Outpatient HIV and AIDS patients were invited to participate in this study. All patients and controls gave informed consent prior to agreeing to participate in the study. Measurements were performed on consecutive HIV and AIDS patients receiving ART who volunteered to participate. Age, sex, recent CD4+cell count, visual acuity and amplitude of accommodation were recorded. A brief ocular history was also obtained followed by examination of anterior and posterior segments. Subjects were excluded from the study if they demonstrated any type of retinopathy, uveitis, history of ocular surgery and trauma, diabetes, cataract, amblyopia and abnormal anterior segments, and were not currently taking any medication known or suspected to interfere with accommodation. Inclusion criteria were HIV and AIDS patients taking ART, best corrected distance visual acuity of at least 6/6 or better and normal anterior segments and normal pupil sizes. All control subjects were in good physical and ocular health with best corrected distance visual acuity of at least 6/6 or better.


Before the subjective amplitude of accommodation was measured, distance and near visual acuities and subjective refractions were determined and recorded. The subjective amplitudes of accommodation were measured using the Royal Air Force (RAF) ruler under monocular condition. The RAF ruler is well established in clinical practice and research.12,18 It is one of the most common and simplest clinical methods to measure amplitude of accommodation and other ocular functions.

The participant’s distance refractive correction was placed in the trial frame and the normal room illumination was used. The target, a N5 line of letters, was initially placed at a distance of approximately 40 cm and moved slowly towards the participant along the ruler. The participants were instructed to keep the letters on the N5 line as clear as possible and to report when they first became blurred and difficult to read. The endpoint was the first slight sustained blur, which was considered to be the point when the target could not be cleared after 2 or 3 s of viewing.12,18 That point was recorded as the amplitude of accommodation in dioptres (D). This was repeated three times and the average of the three measurements was taken. The test was performed monocularly with the fellow eye being occluded. Even though subjective amplitudes of accommodation were measured for both eyes, only the measurements of the right eyes of both HIV and AIDS and controls were used herein for analysis.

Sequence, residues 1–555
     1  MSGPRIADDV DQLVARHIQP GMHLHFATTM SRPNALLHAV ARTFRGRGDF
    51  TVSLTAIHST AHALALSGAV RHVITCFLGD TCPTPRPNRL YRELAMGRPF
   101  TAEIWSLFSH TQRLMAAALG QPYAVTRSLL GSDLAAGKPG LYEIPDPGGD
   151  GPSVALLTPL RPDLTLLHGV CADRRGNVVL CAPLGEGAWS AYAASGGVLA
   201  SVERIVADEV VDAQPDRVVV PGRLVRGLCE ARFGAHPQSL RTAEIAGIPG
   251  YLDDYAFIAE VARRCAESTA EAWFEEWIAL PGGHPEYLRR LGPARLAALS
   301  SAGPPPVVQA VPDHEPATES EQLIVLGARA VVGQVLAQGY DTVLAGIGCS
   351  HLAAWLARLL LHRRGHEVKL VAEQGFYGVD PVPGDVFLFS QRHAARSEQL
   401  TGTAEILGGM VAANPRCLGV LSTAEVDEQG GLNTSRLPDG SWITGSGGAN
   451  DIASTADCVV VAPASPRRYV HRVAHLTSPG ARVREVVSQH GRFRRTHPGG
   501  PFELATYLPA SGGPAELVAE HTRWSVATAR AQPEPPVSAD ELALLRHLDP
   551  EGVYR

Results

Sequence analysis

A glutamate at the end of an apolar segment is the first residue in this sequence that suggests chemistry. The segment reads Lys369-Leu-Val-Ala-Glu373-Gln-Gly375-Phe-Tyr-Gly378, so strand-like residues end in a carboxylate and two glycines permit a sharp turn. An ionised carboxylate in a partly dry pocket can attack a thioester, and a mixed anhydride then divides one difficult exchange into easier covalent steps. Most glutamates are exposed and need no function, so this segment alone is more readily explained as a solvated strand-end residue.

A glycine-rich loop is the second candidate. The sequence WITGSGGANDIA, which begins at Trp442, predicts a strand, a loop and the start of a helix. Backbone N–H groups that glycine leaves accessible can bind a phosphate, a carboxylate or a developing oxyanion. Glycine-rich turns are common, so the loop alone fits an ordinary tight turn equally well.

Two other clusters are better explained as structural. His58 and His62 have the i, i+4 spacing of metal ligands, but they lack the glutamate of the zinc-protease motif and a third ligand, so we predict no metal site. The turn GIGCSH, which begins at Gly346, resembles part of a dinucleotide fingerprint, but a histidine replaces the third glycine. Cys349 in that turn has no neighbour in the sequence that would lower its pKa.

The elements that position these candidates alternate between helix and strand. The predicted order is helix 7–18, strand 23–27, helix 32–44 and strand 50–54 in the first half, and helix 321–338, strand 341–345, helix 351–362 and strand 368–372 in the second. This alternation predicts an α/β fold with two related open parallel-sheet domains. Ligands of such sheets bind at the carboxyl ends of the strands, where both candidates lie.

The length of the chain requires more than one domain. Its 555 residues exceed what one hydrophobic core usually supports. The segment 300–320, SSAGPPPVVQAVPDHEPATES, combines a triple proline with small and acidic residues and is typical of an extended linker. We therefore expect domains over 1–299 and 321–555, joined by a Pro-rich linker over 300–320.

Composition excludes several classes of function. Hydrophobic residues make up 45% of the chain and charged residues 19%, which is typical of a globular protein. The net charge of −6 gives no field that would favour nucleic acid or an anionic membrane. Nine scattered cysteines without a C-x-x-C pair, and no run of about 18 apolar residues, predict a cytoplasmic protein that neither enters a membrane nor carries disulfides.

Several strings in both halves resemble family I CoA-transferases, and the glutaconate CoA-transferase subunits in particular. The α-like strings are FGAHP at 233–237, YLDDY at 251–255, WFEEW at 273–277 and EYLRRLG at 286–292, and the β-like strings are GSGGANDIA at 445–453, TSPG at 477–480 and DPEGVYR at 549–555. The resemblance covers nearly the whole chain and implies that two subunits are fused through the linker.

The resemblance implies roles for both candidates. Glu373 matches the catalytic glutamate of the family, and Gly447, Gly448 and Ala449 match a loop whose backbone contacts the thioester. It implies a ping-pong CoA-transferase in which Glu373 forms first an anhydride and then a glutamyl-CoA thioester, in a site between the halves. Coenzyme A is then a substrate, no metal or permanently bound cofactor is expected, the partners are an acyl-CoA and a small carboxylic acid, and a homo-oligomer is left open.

Statistical analysis

After data collection, the data were analysed using the IBM Statistical Package for Social Science (SPSS) version 23. Medians, means and standard deviations were determined. Normality of data was tested using the Kolmogorov–Smirnov test. The differences in subjective amplitude of accommodation between the groups were tested using the t-test. The statistical significance was set at p < 0.05 for all tests.